The Austin Sentinel reported in March about the deplorable living conditions children are subjected to in foster care as the state of Texas struggles to manage budget insufficiencies and an influx in children removed from their homes. The Dallas Morning News revealed that for the second time in less than a decade, foster children were being forced to sleep in the offices of Child Protective Services due to a lack of available housing.
Now, we’re learning how flawed the system really is as new details emerge, painting a worrisome picture for children unfortunate enough to end up in CPS care.
A new report reveals that children as young as 5-years-old are being raped by other foster care children. Not only is the system turning a blind eye to the child rapes, but it has been accused of actively covering it up, according to U.S. District Judge Janis Graham Jack, who is presiding over a number of foster care cases in Texas.
An unconstitutionally flawed system
ABC News reports:
“At 5, the girl identified as S.A. entered the Texas foster care system. Within months, she reported being raped by an older child. She was moved more than 45 times, including to psychiatric hospitals, and missed several chances for adoption because of paperwork delays. At 18, after aging out of the system, she walked into traffic and was hit by a car. At last report, she was living in a homeless shelter.”
“Her story, detailed in court records, was among scores of chronic foster care failures that led a federal judge to declare the Texas system unconstitutionally flawed and order an independent overhaul. Unlike most other states under similar orders, Texas is fighting the ruling — even as two court-appointed administrators face a September deadline to present a reform plan.
“The system, which has about 30,000 children in homes and institutional settings, is ‘broken, and it has been that way for decades,’ U.S. District Judge Janis Graham Jack said in her December ruling. That’s especially true for those labeled permanent wards of the state, she said, who ‘almost uniformly leave state custody more damaged than when they entered.’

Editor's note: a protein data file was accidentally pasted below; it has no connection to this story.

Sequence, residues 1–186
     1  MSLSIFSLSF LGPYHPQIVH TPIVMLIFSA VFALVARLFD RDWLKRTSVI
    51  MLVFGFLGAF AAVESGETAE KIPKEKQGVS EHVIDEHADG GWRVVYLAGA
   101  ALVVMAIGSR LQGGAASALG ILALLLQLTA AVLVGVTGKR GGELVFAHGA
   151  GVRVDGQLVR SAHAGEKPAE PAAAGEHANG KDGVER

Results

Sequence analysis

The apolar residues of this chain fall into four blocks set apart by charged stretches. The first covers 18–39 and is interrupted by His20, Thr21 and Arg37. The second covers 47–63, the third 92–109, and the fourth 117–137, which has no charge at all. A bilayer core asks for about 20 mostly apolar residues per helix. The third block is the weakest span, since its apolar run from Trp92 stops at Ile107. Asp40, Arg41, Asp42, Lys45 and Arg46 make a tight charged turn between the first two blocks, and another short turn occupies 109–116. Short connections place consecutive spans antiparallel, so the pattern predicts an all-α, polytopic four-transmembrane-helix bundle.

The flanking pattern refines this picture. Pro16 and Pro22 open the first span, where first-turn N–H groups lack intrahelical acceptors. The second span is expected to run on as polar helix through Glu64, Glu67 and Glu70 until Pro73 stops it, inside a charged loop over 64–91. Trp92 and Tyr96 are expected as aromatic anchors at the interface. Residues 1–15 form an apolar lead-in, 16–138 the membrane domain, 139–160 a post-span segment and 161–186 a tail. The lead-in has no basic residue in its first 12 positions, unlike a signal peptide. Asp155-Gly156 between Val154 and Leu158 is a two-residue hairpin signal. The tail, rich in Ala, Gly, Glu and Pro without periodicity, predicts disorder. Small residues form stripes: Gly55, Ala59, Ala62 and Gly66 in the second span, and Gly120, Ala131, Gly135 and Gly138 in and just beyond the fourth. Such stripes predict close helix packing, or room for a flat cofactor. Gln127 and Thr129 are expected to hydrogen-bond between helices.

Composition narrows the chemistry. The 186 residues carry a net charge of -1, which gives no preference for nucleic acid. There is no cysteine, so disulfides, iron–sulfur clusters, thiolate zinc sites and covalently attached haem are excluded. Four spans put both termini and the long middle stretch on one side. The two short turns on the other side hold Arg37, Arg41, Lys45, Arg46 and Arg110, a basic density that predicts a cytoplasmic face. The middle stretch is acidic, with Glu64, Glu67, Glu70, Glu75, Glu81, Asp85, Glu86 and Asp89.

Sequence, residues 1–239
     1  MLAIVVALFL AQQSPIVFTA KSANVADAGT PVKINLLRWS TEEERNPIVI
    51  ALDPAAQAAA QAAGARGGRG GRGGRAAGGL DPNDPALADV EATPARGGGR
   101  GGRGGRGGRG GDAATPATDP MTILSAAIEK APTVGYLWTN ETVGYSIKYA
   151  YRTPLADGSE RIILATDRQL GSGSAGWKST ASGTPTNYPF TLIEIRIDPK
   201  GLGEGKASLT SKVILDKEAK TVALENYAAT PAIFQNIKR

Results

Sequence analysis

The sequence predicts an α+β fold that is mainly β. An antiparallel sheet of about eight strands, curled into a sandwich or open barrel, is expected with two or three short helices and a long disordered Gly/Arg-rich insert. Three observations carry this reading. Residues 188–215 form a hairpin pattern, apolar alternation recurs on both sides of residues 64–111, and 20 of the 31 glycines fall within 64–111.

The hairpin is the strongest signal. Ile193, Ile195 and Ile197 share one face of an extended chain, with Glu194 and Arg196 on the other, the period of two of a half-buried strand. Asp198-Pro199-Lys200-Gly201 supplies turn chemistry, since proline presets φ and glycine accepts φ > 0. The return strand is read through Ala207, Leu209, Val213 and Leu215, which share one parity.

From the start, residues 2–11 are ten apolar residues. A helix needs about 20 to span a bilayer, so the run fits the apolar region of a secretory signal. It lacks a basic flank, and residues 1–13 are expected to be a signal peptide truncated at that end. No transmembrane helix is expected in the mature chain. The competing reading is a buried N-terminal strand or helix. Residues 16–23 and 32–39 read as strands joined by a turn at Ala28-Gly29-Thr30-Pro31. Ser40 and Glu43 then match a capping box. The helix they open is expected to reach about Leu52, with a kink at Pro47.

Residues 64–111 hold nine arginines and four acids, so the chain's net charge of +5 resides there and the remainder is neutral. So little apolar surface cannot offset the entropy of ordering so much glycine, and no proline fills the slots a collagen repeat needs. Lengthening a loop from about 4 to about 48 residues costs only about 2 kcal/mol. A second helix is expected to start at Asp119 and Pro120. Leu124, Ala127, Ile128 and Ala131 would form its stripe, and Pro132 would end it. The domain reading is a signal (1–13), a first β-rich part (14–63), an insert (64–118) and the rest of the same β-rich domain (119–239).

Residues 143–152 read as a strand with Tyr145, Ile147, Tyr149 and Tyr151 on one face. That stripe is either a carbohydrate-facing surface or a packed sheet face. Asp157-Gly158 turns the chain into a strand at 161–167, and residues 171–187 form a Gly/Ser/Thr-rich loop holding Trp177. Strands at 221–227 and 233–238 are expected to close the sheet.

“Another troubling aspect of Texas’ system, the judge wrote, was allowing ‘foster group homes.’ Texas’ stated allowance of up to 12 children in such homes, including the caregivers’ own, was exceeded, Jack said, calling them ‘a hybrid’ between traditional foster homes and institutional facilities that provided ‘fewer benefits … and fewer safeguards.’
“Jack said the sexual assault of and by foster children was a special problem in the foster group homes. She noted a boy identified as D.I. who was sexually abused from age 8, saying the system tried to cover it up [emphasis added] and there was no indication he was ever placed in a single-child home. An expert testified that D.I. had become ‘a high risk for sexually harming children.’”
Most states allow 4–8 foster kids per home
“The judge directed the two special masters to decide whether the foster group homes should exist. She also suggested setting up a 24-hour hotline to report abuse and neglect, figuring out manageable caseloads for workers and tracking child-on-child abuse,” the report adds.
Evidently, Texas is the only state known to house up to 12 children in one foster home. “It’s this bizarre hybrid that seems to exist only in Texas and should exist nowhere,” said Richard Wexler, executive director of the National Coalition for Child Protection Reform.
Most state laws permit foster homes to house anywhere from 4–8 children, including children belonging to the host family, according to a 2013 report from the Generations United and the American Bar Association Center on Children and the Law.
In Texas, traditional foster homes allow up to six children, including the host’s own children.
Children’s Rights attorney Sara Bartosz, who filed the lawsuit, adds that scenarios in which children are permanently under state custody is essentially “like being moved to the backburner.”
A proficient system quickly places children with family members, relatives, or gets them adopted within two years, said Sandra Gasca-Gonzalez, director of the Jim Casey Youth Opportunities Initiative.